French property : Furnished rental business in France & Taxation on rental income
In referring to “Furnished Rental business” we are considering various businesses such as cattered chalets, bed and breakfasts, gites, hotels…
We will consider the rules of taxation before considering any option or strategy to structure your investment and optimize the taxation of your rental income.
Generally speaking and between most countries, a rental income is liable to tax in the country where the property is situated.
Non residents are therefore taxed on their French-sourced income.
I. Tax regime – net income
Rental business is a business activity and is categorised from a tax point of view as “Bénéfices Industriels et Commerciaux” (B.I.C) – business profits – heading of income tax (but not as corporate income).
The “BIC” tax regime includes mainly 2 regimes:
A- The regime of “Micro BIC”
This is a simplified way of calculating income tax.
If the gross furnished rental income is less than €70,000 per annum, a flat 71% can be deducted to cover all expenses and claimable deductions (which simplifies book-keeping) and the balance (i.e., 29%) will be taxed at the prevailing rate.
The “Micro BIC” regime is not applicable for companies. This regime is simple but does not enable the owner to optimise the taxation. Therefore, even if the income is below 70,000.00 €, it is possible to opt for the “Régime réel“.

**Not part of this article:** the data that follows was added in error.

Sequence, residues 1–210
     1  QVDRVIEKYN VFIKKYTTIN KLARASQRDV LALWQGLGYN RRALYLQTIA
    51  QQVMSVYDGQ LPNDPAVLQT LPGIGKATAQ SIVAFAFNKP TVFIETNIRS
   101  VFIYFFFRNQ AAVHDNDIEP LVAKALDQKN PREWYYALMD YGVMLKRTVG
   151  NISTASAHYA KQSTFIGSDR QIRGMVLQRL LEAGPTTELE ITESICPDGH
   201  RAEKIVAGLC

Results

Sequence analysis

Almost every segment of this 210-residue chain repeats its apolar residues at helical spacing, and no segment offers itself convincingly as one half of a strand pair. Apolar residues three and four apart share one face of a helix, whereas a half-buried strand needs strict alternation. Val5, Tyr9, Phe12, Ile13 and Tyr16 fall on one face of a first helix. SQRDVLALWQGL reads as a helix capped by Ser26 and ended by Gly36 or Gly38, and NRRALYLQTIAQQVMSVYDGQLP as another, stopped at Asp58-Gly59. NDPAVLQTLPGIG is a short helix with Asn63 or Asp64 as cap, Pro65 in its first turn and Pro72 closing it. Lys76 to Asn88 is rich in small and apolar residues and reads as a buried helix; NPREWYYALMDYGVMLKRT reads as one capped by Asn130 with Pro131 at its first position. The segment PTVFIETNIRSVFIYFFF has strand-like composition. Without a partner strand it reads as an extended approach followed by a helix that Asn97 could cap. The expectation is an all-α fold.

In any event if the income is above €70,000.00 it is not possible to use the “Micro BIC” regime and the alternative is:
B – The “Régime Réel”
Under 70,000.00 of income, an option must be made. The option for this regime is for 2 years and has to be made before February of the 1st year. The application must be done in writing to the” Recette des Impôts” (see contact details below).
The advantage of this regime is to optimise the taxation and reduce up to almost 0 the taxable profits. This regime is advisable if you have more than 71% expenses and / or a debit situation (more expenses than income) see below.
This regime requires a lot of paperwork and requires good bookkeeping as if one were running a commercial company, it is therefore important to work with a reliable accountant in France.
C- Corporate taxation
Corporate tax applies automatically to sociétés anonymes, sociétés par action simplifiées, sociétés a responsabilité limitée, sociétés en commandite par actions, and most of the companies. Corporation tax may also apply to other bodies, such as sociétés civiles, and even to sociétés de personnes (partnerships), according to the nature of their business.
The corporate tax rate is currently 28%. Income-generating expenses are deductible when calculating taxable income.
Unfurnished lettings are taxed under income tax as “Revenus fonciers” (RF) – real property income – In arriving at net rental income, deductions can include repairs, maintenance and improvements (excluding construction), local taxes, employee costs, mortgage interest expenses, management fees and insurance costs. If revenues are less than €15,000, a 30% fixed deduction is applied.
Tax losses can offset every year against all personal income up to €10,700. Note that if interest on a loan to finance the purchase is claimed as a tax-loss, that can only be deducted over ten years.